Master Guide to Content Planning

Content, content, content!

Content is having its Marcia Brady moment - and for good reason. Across industries, for example, customers interact with brands multiple times before conversion and the content they are delivered can negatively or positively impact the chance of completing the sale (read, "Content Marketing Stats to Influence 2017 Decisions"). What's more, people want to self-serve (or find answers themselves without a company's intervention) and having high-quality content at their disposal is a sure-fire way to help them feel empowered and like they are making the best purchasing decision. In order to create content that resonates with a person wherever they are in their customer journey, consider these steps.

Step One: Meet Your Audience 

Whether you're developing a content plan for a new company or at a new job or are looking for ways to improve an existing strategy, understanding who it is that will read your content is a crucial step. Google Analytics, for instance, offers demographics (age, gender) and interests (through online travel and purchasing activities) information. This is a great place to start as is Facebook Insights, which provides basic demographic info (age, gender, location), which is important to look at since it's likely Facebook where content will be promoted. Facebook takes it a step further and allows Page admins to see which of their followers is currently most engaged (by those same demographics). 

Many content management systems (CMSs) or Web experience platforms provide far more sophisticated customer profiling, which enables brands to reach the holy content grail of "serving the right content at the right time to the right person." While it can seem like a creative burden (because it is) to create content for different segments or even individuals, many platforms leverage a layering-type approach where brands create "base" content (let's say a landing page for a new product) and then add layers on top of that content to personalize it to more people, which is then served dynamically to visitors who meet certain criteria (e.g., first-time visitors versus people who have visited the site before but didn't buy).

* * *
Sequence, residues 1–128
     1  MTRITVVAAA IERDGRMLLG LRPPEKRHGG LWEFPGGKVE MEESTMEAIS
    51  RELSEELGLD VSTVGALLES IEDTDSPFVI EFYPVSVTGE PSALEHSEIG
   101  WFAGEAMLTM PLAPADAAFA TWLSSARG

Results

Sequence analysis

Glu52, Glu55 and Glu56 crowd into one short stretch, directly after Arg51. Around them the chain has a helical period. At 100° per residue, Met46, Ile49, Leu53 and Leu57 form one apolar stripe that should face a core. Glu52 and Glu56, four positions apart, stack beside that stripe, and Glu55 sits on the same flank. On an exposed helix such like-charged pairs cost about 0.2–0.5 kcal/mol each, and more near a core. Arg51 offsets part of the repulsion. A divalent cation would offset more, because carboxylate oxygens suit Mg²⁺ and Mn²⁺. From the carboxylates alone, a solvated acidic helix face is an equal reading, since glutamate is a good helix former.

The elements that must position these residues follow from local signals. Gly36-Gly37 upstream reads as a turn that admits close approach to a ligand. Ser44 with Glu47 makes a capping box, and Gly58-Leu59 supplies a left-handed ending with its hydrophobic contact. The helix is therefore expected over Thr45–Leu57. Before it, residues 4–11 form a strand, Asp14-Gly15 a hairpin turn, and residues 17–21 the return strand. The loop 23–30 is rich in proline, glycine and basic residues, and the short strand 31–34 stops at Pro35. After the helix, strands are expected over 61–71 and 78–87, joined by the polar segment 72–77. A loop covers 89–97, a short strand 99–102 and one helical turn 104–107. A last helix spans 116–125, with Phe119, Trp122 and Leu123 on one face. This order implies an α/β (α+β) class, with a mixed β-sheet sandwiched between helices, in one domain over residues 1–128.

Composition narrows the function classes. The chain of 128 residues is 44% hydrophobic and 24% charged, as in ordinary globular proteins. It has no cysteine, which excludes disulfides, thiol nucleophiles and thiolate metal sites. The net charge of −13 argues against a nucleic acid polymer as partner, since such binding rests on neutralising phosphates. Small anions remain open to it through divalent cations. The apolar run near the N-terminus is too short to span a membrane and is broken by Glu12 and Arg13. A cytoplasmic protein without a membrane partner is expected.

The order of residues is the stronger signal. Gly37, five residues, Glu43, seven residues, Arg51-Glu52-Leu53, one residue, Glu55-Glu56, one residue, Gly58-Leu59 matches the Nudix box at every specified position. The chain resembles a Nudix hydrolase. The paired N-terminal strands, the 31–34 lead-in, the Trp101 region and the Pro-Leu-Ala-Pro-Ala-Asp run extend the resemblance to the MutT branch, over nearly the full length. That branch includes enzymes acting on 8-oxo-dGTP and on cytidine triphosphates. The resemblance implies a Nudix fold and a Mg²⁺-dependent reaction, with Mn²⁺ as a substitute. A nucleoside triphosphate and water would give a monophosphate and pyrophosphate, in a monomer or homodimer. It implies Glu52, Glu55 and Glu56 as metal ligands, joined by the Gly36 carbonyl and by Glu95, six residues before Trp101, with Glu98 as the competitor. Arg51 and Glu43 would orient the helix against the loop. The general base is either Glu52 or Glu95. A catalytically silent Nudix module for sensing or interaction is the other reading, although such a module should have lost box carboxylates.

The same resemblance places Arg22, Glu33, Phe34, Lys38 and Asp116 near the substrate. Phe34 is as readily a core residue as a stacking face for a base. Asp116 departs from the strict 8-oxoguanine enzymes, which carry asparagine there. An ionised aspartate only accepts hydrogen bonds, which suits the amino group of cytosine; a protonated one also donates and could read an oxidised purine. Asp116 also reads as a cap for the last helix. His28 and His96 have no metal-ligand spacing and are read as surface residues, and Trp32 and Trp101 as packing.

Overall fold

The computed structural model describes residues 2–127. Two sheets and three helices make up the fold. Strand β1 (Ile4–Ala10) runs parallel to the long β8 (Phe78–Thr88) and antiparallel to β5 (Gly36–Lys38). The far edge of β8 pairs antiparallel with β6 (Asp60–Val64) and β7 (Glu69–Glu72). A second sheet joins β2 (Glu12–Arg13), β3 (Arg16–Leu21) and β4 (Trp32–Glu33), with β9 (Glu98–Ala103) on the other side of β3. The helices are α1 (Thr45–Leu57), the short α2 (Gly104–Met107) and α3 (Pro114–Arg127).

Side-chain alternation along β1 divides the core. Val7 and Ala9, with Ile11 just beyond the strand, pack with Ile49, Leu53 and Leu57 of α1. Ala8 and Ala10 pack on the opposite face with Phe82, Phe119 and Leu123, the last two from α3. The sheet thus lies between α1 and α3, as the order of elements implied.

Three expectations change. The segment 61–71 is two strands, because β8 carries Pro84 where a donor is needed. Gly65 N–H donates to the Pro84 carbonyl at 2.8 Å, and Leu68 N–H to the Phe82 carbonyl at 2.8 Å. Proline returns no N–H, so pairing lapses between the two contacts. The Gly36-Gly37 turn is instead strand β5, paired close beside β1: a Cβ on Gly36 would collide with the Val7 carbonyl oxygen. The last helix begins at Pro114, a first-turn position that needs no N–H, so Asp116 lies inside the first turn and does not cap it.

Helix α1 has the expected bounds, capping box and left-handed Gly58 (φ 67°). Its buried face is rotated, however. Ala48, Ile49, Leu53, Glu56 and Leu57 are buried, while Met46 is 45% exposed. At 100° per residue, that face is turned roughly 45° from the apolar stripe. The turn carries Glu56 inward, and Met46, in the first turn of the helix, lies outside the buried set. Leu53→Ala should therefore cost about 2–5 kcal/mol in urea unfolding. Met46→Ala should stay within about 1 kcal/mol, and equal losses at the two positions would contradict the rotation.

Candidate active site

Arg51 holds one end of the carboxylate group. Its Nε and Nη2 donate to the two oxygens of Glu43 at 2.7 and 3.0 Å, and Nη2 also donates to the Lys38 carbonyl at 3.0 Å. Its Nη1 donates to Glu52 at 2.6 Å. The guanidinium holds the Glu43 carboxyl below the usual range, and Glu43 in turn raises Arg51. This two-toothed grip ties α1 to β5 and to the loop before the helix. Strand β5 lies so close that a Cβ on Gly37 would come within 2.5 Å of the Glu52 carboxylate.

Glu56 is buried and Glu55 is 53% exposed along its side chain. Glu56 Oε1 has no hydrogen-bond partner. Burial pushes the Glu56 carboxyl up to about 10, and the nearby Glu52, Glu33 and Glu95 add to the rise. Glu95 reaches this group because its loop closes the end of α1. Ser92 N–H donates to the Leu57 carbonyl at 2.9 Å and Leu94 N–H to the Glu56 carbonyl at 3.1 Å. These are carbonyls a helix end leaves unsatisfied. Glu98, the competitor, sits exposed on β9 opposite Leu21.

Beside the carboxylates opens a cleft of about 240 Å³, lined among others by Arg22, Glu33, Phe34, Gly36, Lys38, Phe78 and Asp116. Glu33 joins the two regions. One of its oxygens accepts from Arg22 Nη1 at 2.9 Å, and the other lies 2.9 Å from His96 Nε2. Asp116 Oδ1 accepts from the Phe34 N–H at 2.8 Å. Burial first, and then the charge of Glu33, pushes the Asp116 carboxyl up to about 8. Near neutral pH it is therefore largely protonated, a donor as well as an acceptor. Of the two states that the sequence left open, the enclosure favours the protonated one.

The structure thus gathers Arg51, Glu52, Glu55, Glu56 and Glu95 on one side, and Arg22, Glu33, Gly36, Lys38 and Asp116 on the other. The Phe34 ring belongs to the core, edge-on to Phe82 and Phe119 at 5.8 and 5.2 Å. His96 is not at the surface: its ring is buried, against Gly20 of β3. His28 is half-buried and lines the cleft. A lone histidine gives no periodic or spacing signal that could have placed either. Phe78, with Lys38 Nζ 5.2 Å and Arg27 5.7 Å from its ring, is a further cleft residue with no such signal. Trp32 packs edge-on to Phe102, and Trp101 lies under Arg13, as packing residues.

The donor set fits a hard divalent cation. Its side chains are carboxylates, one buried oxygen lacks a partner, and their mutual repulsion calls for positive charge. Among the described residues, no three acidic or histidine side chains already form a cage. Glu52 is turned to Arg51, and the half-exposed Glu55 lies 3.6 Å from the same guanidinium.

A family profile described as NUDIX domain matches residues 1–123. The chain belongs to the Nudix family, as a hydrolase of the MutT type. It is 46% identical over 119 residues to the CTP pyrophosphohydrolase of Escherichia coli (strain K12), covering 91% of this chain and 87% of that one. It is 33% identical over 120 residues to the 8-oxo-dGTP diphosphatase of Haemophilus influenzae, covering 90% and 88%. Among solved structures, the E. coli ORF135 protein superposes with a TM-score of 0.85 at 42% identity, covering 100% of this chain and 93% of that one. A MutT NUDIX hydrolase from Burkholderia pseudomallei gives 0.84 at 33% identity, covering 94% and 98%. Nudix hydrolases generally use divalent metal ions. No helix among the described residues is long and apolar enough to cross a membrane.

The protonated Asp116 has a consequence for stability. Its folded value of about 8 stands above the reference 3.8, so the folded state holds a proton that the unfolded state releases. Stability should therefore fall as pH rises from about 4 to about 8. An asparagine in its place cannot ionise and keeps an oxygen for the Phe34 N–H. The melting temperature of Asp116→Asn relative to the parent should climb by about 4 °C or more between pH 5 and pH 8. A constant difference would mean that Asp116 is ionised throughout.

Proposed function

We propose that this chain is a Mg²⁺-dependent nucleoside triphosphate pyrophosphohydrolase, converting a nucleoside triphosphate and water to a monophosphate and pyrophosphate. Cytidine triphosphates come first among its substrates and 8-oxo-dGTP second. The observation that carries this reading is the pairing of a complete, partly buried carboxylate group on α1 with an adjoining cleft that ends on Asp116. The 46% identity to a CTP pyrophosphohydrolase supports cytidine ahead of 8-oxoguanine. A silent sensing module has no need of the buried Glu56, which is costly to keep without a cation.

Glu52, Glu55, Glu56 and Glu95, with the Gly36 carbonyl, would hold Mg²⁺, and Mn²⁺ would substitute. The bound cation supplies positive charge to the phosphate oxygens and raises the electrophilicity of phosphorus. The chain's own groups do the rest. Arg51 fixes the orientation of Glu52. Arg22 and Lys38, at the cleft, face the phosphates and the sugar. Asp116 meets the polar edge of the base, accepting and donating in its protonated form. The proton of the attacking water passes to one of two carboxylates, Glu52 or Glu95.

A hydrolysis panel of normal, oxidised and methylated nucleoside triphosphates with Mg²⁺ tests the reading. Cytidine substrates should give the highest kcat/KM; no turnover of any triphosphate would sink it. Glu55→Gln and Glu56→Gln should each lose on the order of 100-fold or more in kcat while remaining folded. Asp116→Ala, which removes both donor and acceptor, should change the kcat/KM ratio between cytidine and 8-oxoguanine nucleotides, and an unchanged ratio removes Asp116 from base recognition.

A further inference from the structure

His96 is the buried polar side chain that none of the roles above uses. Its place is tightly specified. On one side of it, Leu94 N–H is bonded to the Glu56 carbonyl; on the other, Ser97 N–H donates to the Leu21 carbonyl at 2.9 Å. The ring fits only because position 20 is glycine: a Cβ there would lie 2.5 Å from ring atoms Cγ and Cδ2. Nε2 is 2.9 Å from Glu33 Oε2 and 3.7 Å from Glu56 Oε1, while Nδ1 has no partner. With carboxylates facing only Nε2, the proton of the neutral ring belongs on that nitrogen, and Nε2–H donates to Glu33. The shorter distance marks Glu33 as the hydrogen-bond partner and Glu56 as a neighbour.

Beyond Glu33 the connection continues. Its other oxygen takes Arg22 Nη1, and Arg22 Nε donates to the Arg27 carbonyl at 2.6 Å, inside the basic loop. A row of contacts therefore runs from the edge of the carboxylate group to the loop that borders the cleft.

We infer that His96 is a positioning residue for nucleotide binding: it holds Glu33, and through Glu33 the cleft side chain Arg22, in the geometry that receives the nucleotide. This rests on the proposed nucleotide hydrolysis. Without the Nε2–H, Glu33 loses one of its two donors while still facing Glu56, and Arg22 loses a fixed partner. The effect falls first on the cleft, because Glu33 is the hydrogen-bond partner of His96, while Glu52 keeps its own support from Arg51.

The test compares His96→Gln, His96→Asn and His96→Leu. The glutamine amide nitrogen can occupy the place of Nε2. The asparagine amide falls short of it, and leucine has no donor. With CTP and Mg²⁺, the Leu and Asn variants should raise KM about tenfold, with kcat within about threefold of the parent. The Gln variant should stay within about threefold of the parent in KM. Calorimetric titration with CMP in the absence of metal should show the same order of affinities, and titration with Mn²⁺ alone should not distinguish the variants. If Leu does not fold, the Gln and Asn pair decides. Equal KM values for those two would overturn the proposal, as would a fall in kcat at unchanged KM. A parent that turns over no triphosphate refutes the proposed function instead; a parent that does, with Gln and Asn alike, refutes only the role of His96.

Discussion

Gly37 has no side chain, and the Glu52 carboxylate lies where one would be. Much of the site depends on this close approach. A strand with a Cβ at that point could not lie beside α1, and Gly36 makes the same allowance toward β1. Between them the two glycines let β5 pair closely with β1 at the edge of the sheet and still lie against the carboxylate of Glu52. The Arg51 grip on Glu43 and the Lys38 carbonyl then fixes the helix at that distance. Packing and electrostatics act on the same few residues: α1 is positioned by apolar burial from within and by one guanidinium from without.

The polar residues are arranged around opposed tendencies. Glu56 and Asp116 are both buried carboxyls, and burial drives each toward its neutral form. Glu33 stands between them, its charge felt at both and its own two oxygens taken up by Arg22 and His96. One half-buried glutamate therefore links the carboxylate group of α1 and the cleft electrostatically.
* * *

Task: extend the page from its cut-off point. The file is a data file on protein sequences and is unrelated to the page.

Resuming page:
Upgrading to the newest version of a CMS or considering a new one altogether, is a decision that needs to be made in 2017. Until then, knowing the basic demographics of a site and its social media followers, is information that can be used to inform content strategy.

++ Editor's Recommended Reading: 3 Phases of Content Strategy

Step Two: Know What's Worked 

Reviewing past content successes and failures is a smart way to understand what has worked and what hasn't in order to make more effective decisions going forward. Unfortunately, not all content producers have access to analytics other than page views and social shares, but reviewing and documenting even these basic metrics and then sorting them in Excel by most-viewed and most-shared, respectively, is a valuable practice (if their content management system doesn't already offer access to more meaningful data or provide some integration to do so through a third-party provider). Many modern CMSs provide trend data, even suggesting which content types or keywords will be most successful based on past hits and misses and other sites' information.

++ Editor's Recommended Reading: 9-Step Blog Content Audit

Step Three: Create a Plan

The whole "failing to plan is a plan to fail" mantra rings particularly true when it comes to content strategy. There should certainly be enough "wiggle room" within a content plan to address trending topics and other subjects that can't be planned for, but having the general structure of an editorial plan (what will be published, when and by whom as well as where it will be promoted), is the only way an organization will be able to execute the big dreams they have for their content and keep it timely. 

Step Four: Suggest Fries with That

By now, you're a content-creating machine, but your audience will likely never access all of the material that is related to their interests. Brands need to actively promote older content (that still makes sense) on social and through recommended-reading type functionality. What's more, repurposing high-performing content can give new life to material already created (e.g., a blog into a video, infographic, whitepaper, etc.). 

Step Five: Get Help

Planning, researching, writing, designing and promoting content takes time, but brands aren't on the island all alone. Not only can brands reach out to qualified freelancers to get content created at an often very reasonable price, but they can also seek the help of like-minded businesses for them to contribute content to their site. Guest blogging remains an effective way to earn high-quality links, which is why people in your field may be open to it. Likewise, it could be beneficial to pitch your own content to an industry publication for exclusive rights to publish there in order to get a valuable backlink and more eyes on your content.